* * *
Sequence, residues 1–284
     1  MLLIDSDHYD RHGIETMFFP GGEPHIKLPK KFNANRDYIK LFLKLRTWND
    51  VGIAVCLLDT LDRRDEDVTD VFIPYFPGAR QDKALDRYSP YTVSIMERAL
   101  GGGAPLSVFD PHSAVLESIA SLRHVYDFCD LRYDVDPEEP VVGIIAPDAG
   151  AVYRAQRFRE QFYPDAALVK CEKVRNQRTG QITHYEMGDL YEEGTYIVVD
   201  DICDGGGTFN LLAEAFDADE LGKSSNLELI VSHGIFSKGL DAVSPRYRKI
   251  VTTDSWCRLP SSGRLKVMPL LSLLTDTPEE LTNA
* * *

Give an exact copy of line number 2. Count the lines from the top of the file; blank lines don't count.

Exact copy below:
     1  MLLIDSDHYD RHGIETMFFP GGEPHIKLPK KFNANRDYIK LFLKLRTWND